Sean is designing a unit to teach his students about the Olympics, using the international event to help students learn about geography, history, sports, and more. Many of Sean’s students were born outside of the United States, including children born in Guatemala and the Dominican Republic.
Sean was nominated for the honor by Maria Fenwick, Executive Director of organization Teach Plus Boston, a non-profit organization focused on teacher leadership. Sean is an alumnus of the Teach Plus Teaching Policy Fellows program, in which he advocated with other public school teachers for policy changes to elevate the teaching profession.
Sean has been teaching for 10 years, including the past six years at the Dever-McCormack. In addition to his teaching responsibilities at the school, Sean has pursued grants for classroom materials, designed after-school English classes for parents, and planned multi-sensory lessons to engage his English Language Learner students, including a non-fiction reading unit that culminated with students planting a vegetable garden. Sean also serves as a teachers’ union building representative and as a mentor for the Boston Teacher Residency program.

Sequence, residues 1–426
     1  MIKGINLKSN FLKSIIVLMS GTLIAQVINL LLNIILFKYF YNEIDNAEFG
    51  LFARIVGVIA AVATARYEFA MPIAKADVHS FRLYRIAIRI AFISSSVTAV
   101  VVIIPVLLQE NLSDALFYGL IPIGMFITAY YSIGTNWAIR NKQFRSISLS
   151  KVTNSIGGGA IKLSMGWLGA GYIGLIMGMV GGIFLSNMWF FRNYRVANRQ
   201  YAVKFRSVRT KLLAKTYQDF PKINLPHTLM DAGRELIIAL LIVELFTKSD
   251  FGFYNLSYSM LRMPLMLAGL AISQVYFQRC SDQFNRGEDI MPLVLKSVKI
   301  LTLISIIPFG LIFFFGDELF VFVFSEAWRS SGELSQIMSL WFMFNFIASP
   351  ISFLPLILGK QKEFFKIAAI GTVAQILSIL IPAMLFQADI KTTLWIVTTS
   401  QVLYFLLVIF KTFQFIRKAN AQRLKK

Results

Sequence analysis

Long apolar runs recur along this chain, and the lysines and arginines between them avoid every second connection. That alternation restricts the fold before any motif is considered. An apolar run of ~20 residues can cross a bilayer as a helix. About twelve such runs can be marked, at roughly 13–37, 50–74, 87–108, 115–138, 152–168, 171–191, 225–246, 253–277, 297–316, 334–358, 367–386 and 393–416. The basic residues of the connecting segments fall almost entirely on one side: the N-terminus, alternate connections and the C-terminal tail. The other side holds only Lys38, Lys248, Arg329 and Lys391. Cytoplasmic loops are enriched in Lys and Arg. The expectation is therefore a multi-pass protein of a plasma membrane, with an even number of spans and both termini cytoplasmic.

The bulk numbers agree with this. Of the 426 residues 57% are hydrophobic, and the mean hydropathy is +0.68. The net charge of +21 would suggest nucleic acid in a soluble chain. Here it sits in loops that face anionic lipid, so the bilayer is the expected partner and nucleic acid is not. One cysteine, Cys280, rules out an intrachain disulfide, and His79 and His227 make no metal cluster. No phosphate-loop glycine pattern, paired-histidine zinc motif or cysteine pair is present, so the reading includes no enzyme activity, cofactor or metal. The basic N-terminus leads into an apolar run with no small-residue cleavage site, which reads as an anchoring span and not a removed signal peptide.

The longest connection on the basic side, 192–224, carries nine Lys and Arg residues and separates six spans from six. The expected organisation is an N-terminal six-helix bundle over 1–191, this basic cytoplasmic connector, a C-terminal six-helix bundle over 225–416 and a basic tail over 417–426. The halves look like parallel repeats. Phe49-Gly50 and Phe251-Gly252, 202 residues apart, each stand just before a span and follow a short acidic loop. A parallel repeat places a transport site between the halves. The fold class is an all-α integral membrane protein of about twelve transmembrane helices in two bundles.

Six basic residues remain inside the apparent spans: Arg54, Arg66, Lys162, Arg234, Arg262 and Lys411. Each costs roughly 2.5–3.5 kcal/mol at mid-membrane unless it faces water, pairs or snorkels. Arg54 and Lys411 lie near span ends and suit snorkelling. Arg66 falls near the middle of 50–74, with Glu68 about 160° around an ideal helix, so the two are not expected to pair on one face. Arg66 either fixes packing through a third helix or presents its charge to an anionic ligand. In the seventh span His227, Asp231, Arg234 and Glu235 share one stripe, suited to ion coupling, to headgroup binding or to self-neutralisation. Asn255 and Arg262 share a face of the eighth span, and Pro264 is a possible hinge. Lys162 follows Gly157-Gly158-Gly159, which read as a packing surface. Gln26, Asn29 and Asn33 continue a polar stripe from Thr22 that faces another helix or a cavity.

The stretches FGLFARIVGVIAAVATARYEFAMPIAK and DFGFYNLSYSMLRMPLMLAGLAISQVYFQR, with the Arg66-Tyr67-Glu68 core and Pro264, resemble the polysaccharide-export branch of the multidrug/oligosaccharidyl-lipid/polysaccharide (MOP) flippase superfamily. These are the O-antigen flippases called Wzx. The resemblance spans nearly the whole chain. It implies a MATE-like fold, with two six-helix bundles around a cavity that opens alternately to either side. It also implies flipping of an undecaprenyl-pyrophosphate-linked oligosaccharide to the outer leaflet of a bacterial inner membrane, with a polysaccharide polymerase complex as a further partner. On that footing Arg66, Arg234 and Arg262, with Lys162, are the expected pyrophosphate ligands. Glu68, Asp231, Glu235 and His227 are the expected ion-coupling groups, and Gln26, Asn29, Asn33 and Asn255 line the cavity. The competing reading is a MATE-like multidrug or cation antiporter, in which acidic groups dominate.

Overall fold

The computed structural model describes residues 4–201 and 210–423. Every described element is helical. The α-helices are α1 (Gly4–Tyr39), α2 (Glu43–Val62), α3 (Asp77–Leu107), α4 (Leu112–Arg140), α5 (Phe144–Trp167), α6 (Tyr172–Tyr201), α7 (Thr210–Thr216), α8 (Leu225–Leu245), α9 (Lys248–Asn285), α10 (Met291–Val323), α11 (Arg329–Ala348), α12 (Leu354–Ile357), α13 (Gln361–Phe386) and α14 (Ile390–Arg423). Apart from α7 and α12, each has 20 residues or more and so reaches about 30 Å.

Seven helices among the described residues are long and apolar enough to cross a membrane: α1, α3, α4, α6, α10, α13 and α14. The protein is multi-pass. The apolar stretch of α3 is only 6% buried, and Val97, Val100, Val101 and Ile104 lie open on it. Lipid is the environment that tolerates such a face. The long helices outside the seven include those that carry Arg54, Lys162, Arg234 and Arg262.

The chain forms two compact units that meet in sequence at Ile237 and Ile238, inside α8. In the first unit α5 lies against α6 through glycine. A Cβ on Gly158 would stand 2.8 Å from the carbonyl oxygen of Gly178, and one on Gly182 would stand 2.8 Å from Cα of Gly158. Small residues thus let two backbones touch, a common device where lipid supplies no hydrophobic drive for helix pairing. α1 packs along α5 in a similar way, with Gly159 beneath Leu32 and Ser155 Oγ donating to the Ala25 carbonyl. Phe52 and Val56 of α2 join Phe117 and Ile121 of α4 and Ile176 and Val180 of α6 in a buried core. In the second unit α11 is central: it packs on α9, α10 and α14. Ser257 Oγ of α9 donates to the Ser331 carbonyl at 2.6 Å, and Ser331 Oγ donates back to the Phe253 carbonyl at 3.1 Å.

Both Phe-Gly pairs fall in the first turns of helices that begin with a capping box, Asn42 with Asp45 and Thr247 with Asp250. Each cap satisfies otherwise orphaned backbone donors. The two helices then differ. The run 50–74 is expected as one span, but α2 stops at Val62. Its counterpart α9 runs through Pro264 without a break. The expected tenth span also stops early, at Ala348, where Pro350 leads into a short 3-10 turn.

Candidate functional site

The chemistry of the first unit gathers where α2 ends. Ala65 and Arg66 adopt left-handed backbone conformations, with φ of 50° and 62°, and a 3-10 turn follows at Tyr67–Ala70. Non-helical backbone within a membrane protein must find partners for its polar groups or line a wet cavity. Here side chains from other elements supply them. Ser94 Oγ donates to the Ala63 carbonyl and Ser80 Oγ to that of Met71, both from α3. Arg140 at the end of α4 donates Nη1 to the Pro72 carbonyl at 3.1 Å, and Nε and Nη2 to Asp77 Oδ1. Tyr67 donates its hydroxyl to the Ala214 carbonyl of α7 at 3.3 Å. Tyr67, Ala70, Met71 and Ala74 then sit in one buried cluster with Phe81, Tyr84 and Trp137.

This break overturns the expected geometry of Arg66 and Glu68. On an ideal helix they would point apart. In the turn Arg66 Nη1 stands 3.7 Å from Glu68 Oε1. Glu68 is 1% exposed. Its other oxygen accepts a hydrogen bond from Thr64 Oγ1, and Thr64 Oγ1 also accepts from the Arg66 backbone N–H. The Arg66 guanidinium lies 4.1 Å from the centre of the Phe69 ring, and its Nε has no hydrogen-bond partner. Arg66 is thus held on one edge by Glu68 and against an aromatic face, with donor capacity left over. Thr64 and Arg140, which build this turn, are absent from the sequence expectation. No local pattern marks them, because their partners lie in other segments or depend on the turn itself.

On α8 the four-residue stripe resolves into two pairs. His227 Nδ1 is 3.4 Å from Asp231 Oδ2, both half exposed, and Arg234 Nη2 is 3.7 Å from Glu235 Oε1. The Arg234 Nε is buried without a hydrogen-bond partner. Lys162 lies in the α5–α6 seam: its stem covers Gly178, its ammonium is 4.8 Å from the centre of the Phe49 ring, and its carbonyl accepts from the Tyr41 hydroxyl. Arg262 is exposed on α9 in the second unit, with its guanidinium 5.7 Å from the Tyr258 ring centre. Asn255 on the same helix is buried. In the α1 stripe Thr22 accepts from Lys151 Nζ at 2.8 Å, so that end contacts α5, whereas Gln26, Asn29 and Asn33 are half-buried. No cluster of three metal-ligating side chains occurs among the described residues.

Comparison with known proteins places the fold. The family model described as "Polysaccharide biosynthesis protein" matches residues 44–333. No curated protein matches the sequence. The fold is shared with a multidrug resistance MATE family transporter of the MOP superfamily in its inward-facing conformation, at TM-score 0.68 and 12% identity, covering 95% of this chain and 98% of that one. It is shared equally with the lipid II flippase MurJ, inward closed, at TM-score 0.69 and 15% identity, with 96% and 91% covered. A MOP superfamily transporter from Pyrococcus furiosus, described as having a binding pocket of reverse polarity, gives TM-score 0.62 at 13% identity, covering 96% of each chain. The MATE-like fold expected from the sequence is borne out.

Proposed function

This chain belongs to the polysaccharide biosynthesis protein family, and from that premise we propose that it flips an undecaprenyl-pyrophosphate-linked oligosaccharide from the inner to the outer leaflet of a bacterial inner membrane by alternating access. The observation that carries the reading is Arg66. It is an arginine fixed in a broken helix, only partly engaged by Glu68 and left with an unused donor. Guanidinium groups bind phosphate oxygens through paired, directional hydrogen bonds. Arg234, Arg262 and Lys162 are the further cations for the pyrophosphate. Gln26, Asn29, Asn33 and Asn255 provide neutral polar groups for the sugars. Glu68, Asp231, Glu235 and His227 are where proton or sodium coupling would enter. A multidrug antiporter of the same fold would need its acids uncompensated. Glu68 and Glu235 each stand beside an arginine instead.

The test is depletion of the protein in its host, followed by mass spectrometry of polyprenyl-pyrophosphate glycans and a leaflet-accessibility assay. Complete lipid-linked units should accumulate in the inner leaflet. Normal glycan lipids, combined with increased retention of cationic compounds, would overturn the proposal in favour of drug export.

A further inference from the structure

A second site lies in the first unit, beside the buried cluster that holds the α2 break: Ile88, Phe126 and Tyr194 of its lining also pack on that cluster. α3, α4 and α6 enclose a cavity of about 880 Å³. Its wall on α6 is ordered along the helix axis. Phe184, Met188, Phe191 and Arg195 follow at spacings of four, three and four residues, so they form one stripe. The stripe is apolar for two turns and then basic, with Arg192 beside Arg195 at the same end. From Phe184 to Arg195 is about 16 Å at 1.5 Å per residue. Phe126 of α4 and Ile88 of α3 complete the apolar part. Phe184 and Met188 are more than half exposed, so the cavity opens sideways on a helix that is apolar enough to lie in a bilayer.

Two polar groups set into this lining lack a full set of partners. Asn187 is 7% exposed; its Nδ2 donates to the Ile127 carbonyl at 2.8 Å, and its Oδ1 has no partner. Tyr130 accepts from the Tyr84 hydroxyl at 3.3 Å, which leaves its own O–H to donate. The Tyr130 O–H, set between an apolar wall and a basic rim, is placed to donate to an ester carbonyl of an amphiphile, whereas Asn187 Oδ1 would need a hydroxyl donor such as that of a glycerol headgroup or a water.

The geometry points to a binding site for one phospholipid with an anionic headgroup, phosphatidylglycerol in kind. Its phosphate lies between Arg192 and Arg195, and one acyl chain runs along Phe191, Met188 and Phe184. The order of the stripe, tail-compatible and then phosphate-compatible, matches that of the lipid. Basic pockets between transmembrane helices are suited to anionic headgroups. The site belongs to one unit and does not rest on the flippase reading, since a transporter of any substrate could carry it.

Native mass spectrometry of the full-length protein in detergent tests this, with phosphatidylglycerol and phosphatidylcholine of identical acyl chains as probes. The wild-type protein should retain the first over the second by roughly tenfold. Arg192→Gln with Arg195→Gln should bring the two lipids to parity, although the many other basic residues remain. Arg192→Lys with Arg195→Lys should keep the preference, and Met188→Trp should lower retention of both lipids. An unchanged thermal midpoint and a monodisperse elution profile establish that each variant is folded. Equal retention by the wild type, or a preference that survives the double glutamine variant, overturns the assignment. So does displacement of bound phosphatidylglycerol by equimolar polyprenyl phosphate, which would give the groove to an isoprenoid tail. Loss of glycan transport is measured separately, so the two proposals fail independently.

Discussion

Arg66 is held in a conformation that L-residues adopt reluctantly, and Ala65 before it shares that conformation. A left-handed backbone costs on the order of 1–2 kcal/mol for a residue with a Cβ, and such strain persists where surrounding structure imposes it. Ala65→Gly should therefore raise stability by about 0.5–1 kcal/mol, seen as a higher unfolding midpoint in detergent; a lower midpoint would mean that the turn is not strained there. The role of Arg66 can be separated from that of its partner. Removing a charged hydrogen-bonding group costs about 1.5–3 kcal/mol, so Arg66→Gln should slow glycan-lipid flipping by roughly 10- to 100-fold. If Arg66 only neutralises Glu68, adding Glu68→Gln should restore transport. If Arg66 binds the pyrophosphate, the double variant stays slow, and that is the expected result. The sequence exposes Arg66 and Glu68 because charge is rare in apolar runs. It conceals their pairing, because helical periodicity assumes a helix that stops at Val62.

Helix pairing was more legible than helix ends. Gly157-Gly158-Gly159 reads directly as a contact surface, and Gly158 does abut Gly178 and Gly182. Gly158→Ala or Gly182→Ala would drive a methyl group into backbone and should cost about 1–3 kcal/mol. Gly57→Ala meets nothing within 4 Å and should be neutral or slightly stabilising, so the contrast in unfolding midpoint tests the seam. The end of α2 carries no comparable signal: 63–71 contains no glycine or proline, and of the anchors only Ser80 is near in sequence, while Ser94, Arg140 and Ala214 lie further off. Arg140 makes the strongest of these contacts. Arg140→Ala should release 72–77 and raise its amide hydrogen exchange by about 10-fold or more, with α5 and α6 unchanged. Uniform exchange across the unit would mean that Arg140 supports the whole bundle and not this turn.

“Sean is an outstanding teacher leader in an urban ‘turnaround school’ that has been underperforming for several years,” wrote Ms. Fenwick. “Despite numerous changes in school leadership and frequent staff turnover, Sean has stayed through the turmoil to provide consistent leadership for students and peer teachers alike. He has an unwaveringly positive attitude and goes above and beyond to help his school succeed.”
Teach Plus is a national non-profit based in Boston whose mission is to improve outcomes for urban children by ensuring that a greater proportion of students have access to effective, experienced teachers. Teach Plus runs three programs designed to place teacher leaders at the center of reform: Teaching Policy Fellows, the T+ Network, and T3: Turnaround Teacher Teams. The programs focus on demonstrably effective teachers who want to continue classroom teaching while also expanding their impact as leaders in their schools and in national, state, and district policy. Teach Plus began with 16 founding teachers from urban district and charter schools in Greater Boston. Since its inception as a non-profit in August 2009, Teach Plus has grown to a network of more than 7,000 solutions-oriented teachers in six major cities across the country. www.teachplus.org
To view the full release, click here.